About eight months later (August 2010), we told readers that DCAA Director Pat Fitzgerald—in a nearly unprecedented step—had announced its audit position on the matter to the media via e-mail. Perhaps unsurprisingly, Director Fitzgerald “called on the Defense Contract Management Agency (DCMA) to notify the United Launch Alliance team (of which Boeing is one of two team members, along with Lockheed Martin) that the costs are in non-compliance ‘with federal accounting standards’ and are ‘unallowable.’ DCMA took the matter under advisement.

We wrote, “We will be surprised if this issue isn’t litigated.” And indeed, it was. Boeing and ULA filed suit in the U.S. Court of Federal Claims for approximately $385 million, related to costs it allegedly had to pay back to the DOD as well as costs that DOD refused to pay in the first place.

Bloomberg (link above) reported—

Last year, United Launch repaid the Pentagon $89.2 million and lost another $199 million in prior billings because Boeing violated federal accounting standards, according to the Defense Contract Management Agency, the military’s contract management agency. Boeing lost bids to have those decisions reversed.

The Bloomberg article also reported that Boeing “claimed it sued to preserve its ability to recover the money.” We all know that refers to the Statute of Limitations under the Contract Disputes Act.

Another article, over at Space News, had a few more details. It reported—

The lawsuit, filed June 14 with the United States Court of Federal Claims, says the Air Force reneged on its contractual commitment to reimburse Boeing ‘hundreds of millions of dollars’ incurred under the Evolved Expendable Launch Vehicle (EELV) program.

‘The Air Force agreed to reimburse these costs in a set of interrelated agreements designed to secure Boeing’s continued participation in the EELV program after the Air Force decided to restructure it,’ the lawsuit says. The costs were incurred between 1998 and 2006, the companies said.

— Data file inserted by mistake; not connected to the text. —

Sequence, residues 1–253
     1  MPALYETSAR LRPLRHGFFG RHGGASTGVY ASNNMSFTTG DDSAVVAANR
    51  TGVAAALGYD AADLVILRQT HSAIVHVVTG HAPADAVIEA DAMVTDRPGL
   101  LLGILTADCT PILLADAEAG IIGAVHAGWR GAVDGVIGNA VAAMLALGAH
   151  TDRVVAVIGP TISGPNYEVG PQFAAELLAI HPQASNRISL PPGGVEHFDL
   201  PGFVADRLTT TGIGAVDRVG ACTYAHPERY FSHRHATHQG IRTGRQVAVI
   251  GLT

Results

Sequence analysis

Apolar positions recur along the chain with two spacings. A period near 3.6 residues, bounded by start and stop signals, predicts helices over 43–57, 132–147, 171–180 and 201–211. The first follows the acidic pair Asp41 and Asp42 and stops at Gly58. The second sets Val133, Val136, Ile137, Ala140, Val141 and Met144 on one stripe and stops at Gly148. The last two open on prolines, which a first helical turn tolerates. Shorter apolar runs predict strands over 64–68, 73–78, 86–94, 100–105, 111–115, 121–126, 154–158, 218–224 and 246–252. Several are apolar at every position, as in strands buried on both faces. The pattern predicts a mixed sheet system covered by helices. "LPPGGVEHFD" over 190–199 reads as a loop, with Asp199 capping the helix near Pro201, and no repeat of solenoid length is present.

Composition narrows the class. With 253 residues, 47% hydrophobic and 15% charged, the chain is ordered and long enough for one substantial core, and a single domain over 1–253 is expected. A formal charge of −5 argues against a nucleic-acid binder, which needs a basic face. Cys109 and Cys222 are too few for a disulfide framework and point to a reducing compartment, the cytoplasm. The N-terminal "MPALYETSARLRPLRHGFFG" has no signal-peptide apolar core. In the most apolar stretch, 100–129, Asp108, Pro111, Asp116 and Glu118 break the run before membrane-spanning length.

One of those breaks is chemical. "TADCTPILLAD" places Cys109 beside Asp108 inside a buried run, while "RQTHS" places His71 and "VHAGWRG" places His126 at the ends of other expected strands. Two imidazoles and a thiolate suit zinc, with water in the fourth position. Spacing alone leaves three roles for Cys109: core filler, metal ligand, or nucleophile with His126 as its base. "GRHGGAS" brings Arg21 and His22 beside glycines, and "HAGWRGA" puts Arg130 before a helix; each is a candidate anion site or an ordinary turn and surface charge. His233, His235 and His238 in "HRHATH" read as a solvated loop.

The article continued—

‘Boeing clearly and repeatedly conditioned its willingness to participate in the restructured program on the government’s agreement to contract terms ensuring Boeing’s recovery of its inventoried costs, including DSC,’ the lawsuit states. DSC refers deferred support costs on the Delta 4 program.

In late 2006, the lawsuit alleges, the Air Force, following reviews by auditors with the Defense Contract Management Agency and the Defense Contract Audit Agency, agreed to Boeing’s terms, the lawsuit alleges. The agreement specifically approved the methodology Boeing used to account for these costs, the lawsuit states.

But the Air Force has refused to pay any such costs since 2008 and in 2011 demanded that Boeing repay $72 million, plus interest, that the service had paid the company for costs incurred on the Delta 4 program, the lawsuit states. ULA ‘promptly’ complied to avoid paying the interest and penalties, the lawsuit states.

The lawsuit alleges that the Air Force never said the costs in question were improperly billed or that the companies failed to meet their obligations under the EELV contract. Rather, the lawsuit says, the government maintains that the previous agreements to reimburse Boeing and ULA for the deferred Delta 4 costs are ‘nonbinding and unenforceable.’ In making that case, the Air Force has reversed an earlier judgment that Boeing’s claim was consistent with federal cost accounting regulations, the lawsuit states.

So we’ll just have to wait and see what the COFC Judge has to say about the situation. And while we all wait, we can pass the time by tallying the number of cases filed, and decisions issued, by the Courts that should have been negotiated by the parties instead of litigated.



Effective January 1, 2019, Nick Sanders has been named as Editor of two reference books published by LexisNexis. The first book is Matthew Bender’s Accounting for Government Contracts: The Federal Acquisition Regulation. The second book is Matthew Bender’s Accounting for Government Contracts: The Cost Accounting Standards. Nick replaces Darrell Oyer, who has edited those books for many years.